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EFT Essentials

Using EFT For ...

Dear EFT Community,

You probably find that there are certain behaviors your relationship partner exhibits that drive you crazy. Most people invest time and energy trying to change the partner’s behavior. However, these behaviors only trigger us because they remind us of an old traumatic event. Our current relationship is the detonator, not the dynamite. The dynamite is the unresolved childhood events buried inside of us. I have witnessed many instances of people finding peace with their relationship partners when they heal their old wounds with EFT. The partner doesn’t change, yet the energy field of the relationship changes completely when the emotional intensity of the old event collapses with EFT.

-Dawson Church, PhD

By Dawson Church

At an EFT workshop, one of the participants, “Nancy,” a female college professor, said she resented her husband.

“I go to his professional conferences but he doesn’t go to mine,” she said. “There was one I really wanted him to go to, but he refused. I hid my pain.”

One of my favorite sayings is that The Problem Is Never The Problem.

It’s almost always an echo of an earlier problem.

The current problem has upset us only because it has an “emotional signature” similar to that of an earlier problem. Once the emotional signature is evoked, we attach meaning to the current situation as the cause of our distress.

But focusing on it simply keeps us locked into our old patterns. It displaces our attention from a place where full and complete healing is possible (the early problem) and onto a spot where only partial healing is possible (the current problem). It’s as though the “emotional signature” has a cunning will to live; it knows it will be extinguished if we heal the source, so it provides us with a red herring to distract us from the true source of our pain.

One way to reframe the current problem is to perceive it as an old pattern requiring healing.

We then see it as a healing opportunity rather than as an annoyance.

I asked Nancy where she felt the resentment toward her husband in her body, and she said it was in her throat. The intensity level was a 5. I asked what the earliest time she could recall a similar physical feeling, and she said, “When my mother pushed me. I was 5-years-old. She pushed me down the steps. A neighbor saw her do it, and rushed over and asked if I was alright. My mother said, ‘She’s a stupid girl, she wasn’t moving fast enough’ so I hid my pain and said I was fine.”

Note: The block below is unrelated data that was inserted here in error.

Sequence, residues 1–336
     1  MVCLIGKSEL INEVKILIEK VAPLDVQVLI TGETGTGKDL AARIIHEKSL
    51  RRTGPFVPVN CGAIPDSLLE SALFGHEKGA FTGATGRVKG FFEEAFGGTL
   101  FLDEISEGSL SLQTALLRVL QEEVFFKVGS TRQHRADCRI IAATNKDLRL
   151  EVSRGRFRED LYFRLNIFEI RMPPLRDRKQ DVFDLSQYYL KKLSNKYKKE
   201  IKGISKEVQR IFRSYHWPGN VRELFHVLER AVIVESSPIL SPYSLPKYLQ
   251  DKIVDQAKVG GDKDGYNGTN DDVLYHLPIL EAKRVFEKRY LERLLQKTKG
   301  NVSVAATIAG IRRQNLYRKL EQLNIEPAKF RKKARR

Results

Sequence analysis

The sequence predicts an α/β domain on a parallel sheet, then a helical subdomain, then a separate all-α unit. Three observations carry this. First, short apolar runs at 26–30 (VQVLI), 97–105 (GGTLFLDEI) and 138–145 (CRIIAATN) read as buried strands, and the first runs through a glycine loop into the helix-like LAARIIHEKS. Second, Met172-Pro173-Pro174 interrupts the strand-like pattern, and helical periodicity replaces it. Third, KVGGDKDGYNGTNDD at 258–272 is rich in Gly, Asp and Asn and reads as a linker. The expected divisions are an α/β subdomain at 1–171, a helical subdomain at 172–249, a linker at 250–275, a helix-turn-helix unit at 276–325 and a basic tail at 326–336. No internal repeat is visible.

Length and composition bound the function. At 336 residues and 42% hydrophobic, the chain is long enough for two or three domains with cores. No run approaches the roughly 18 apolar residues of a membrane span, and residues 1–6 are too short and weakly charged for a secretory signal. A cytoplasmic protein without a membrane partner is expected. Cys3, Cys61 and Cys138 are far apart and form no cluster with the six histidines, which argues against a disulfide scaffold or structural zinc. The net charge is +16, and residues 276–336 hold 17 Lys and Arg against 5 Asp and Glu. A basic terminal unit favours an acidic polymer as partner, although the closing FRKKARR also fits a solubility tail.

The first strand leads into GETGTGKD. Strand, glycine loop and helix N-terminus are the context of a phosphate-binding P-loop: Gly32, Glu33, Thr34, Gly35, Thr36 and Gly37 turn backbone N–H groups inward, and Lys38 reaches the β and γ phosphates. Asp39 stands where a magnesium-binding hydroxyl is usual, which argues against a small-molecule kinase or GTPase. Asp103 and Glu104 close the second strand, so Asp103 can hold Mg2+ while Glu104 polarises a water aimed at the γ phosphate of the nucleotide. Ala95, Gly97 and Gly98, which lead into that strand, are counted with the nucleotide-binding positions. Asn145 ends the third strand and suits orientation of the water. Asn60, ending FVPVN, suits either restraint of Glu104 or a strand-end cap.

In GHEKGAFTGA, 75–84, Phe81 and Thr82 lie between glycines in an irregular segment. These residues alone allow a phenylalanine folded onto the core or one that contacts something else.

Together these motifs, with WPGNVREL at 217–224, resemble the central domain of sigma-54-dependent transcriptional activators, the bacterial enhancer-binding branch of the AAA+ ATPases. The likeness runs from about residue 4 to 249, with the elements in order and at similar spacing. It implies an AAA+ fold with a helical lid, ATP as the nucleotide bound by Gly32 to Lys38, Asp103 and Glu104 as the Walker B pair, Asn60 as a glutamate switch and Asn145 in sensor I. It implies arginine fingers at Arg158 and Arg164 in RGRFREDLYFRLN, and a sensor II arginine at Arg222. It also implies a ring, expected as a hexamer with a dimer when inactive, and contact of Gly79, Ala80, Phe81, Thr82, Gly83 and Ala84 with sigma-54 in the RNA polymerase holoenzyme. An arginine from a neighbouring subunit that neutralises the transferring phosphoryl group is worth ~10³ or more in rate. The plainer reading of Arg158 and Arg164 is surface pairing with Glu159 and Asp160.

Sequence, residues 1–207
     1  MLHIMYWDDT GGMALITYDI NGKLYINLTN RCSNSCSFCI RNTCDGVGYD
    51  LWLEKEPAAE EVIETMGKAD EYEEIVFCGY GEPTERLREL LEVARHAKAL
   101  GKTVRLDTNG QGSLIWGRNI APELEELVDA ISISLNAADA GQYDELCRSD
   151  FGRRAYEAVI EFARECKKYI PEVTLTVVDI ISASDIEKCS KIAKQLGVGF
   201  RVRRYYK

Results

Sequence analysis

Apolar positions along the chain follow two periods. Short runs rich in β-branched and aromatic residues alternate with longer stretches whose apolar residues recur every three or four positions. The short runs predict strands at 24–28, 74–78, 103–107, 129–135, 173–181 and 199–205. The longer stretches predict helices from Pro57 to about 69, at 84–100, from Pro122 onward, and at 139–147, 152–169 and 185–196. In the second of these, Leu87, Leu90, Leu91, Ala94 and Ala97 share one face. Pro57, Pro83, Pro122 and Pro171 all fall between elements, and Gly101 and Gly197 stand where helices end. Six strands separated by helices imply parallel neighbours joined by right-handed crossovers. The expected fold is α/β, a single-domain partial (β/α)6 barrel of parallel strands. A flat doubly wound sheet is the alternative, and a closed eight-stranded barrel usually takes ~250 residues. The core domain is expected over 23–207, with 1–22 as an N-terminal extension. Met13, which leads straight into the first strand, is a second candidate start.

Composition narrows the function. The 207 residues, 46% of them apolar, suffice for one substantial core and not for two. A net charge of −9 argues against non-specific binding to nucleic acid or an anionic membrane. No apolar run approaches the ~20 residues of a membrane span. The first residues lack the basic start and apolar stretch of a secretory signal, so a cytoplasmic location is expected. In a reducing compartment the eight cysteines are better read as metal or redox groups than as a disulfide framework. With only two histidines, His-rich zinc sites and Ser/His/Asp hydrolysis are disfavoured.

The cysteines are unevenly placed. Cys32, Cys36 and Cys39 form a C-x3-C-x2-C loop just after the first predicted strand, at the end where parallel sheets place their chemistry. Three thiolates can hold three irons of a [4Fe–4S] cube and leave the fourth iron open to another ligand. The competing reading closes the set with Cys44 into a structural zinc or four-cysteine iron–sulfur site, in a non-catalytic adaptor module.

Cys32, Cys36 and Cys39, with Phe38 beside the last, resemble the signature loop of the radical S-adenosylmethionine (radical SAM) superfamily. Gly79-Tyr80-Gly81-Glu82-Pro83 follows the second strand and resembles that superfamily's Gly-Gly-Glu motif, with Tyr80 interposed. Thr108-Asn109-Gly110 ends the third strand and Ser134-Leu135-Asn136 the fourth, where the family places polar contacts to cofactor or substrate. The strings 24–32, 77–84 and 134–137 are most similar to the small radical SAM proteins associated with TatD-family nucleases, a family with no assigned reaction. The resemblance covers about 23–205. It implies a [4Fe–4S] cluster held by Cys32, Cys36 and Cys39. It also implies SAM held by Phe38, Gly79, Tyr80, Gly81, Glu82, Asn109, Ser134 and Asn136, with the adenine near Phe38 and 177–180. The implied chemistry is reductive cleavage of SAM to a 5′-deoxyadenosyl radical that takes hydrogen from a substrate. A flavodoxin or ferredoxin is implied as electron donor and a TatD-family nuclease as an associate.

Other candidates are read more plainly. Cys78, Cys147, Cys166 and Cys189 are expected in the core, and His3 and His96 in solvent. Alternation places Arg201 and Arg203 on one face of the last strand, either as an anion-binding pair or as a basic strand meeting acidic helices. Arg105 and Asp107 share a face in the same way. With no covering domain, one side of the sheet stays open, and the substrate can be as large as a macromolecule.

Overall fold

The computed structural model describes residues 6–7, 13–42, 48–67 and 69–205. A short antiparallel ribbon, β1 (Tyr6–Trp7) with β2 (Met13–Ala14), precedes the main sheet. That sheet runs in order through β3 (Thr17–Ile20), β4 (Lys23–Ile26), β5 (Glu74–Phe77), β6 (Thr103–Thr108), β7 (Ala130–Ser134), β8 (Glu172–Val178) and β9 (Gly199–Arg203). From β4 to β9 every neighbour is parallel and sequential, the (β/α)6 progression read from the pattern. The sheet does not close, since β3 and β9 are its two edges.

What a miserable emotional experience for a 5-year-old!

She gets physically injured as a result of a parent’s anger, gets blamed for it, and then tries to make the adults feel better by hiding the pain she feels. A five year old taking care of the emotional issues of an adult! She was a 9 on the pushing incident before we began tapping, and her SUD score quickly receded to a 2.

I said, “Nancy, I bet you were an expert at hiding your pain by the age of 5. You’d had lots of practice. Tell me about an earlier incident where you hid your pain.”

Unhesitatingly she replied, “I was at pre-school, on the playground. I was all alone, sitting on one end of a see saw (teeter totter). A teacher realized I might be lonely, so she picked up another little girl and put her on the other end. Her end of the see saw went down and mine went up. I’m seeing the eyes of that girl right now. She didn’t want to be with me. So she jumped off. I fell down hard, and jarred and my spine. But I hid my pain.”

Nancy started to cry.

I began to say something, but she cut me off and said, “I really want to feel this right now. I’m used to stuffing it away. Don’t make me try and feel better!” When a client is in touch with their feelings, you don’t need a SUD number to prove it. The fact that Nancy was not hiding her pain was a breakthrough.

Nancy tapped until the see saw incident went down to a 2.

I asked, “How do you feel about your husband not going to conferences with you?” She replied with a laugh, “I can take care of myself, and actually I have more fun when he’s not there!”

This cognitive shift is typical of people who’ve resolved an emotional distress.

My guess is that Nancy could have tapped on the adult disappointment around her husband, and experienced an improvement. But she would not have resolved the core issue, “I hide my pain.” That could only happen when she dealt with the problem behind the problem; the childhood hurt that still lived in her heart, and which was awakened when her husband didn’t want to attend one of her professional conferences.

If Nancy had continued to make the problem about her husband, and invest her time and energy into changing him, she would have wasted her energy. Only when she focused on the source of the negative emotions did she provide herself with the opportunity for true healing.